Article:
TIN (בָּדִיל, H975), a metal that has a bright white color and is easily fusible with a melting point of 232oC. The metal is not very ductile, but is very malleable and can be rolled into foil. Tin is only rarely found in the native state, the main ore being cassiterite (tin dioxide) which occurs in veins associated with granitic rocks, as in Cornwall, and as alluvial deposits resulting from the degradation of cassiteritebearing veins.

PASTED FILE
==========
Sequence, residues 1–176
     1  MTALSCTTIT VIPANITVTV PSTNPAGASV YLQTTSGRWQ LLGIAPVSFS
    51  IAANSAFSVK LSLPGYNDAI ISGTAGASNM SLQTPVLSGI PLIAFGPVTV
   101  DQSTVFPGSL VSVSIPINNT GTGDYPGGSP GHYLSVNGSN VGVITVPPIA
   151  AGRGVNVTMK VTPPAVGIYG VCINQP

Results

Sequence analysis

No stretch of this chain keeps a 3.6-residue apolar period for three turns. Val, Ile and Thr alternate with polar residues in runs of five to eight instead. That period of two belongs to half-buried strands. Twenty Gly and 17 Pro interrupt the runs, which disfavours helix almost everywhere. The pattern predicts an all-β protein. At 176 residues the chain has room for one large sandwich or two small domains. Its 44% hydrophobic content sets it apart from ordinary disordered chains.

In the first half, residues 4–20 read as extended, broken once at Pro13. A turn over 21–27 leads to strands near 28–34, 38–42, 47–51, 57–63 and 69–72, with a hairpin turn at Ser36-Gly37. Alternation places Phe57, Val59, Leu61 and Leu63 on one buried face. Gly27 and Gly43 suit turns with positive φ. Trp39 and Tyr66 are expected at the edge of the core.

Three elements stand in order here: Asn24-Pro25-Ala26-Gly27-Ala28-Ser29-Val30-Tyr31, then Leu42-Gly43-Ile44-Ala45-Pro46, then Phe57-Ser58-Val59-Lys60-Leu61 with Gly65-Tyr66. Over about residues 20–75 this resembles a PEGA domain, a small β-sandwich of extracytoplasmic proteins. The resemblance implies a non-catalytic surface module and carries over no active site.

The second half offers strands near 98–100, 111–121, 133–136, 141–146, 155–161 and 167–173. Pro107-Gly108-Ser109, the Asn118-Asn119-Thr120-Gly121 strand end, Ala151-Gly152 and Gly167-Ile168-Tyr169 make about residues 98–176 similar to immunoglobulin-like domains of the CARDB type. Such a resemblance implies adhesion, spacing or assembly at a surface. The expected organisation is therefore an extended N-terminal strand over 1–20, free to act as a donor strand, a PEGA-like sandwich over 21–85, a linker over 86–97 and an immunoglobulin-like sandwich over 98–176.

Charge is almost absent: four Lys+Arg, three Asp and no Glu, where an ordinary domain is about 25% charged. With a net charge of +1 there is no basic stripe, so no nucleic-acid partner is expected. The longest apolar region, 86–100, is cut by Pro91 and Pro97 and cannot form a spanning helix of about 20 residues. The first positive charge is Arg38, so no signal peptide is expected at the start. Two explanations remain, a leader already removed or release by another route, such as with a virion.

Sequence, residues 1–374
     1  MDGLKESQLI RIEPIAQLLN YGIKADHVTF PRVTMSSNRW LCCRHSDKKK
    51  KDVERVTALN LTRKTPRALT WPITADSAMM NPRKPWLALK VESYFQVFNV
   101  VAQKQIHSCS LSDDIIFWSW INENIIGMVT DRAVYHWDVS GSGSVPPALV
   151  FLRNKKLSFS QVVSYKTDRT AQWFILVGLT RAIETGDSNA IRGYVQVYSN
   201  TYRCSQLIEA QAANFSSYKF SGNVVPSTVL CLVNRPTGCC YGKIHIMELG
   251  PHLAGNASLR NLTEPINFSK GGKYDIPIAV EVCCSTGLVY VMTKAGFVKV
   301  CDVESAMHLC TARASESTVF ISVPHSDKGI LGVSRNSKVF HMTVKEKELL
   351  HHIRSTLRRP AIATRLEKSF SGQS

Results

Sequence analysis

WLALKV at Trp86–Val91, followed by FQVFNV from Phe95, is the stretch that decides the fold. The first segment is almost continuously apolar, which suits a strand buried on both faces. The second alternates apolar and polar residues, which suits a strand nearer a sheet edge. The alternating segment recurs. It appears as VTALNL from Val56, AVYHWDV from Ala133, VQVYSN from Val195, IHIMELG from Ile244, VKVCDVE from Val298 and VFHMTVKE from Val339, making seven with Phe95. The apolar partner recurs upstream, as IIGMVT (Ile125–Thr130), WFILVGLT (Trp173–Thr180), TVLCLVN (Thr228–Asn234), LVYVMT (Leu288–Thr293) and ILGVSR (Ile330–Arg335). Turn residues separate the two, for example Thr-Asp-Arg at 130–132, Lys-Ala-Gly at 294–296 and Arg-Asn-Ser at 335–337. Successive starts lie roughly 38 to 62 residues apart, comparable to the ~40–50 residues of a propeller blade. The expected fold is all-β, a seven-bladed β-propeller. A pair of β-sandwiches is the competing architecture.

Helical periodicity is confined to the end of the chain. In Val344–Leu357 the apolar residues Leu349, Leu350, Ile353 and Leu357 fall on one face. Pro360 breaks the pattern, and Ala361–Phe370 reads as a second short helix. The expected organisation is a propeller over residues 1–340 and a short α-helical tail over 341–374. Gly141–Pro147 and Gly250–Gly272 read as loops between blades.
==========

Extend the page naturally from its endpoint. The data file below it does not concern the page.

Articles of tin were used in Egypt at least as early as 1400 b.c. and from c. 3700 b.c. onward, tin has been alloyed with copper to give bronze (q.v.), with trade in Cyprus copper and Cornish tin being carried on by the Phoenicians (cf.
International Standard Bible Encyclopedia (1915)
Tin is mentioned with brass, iron and lead in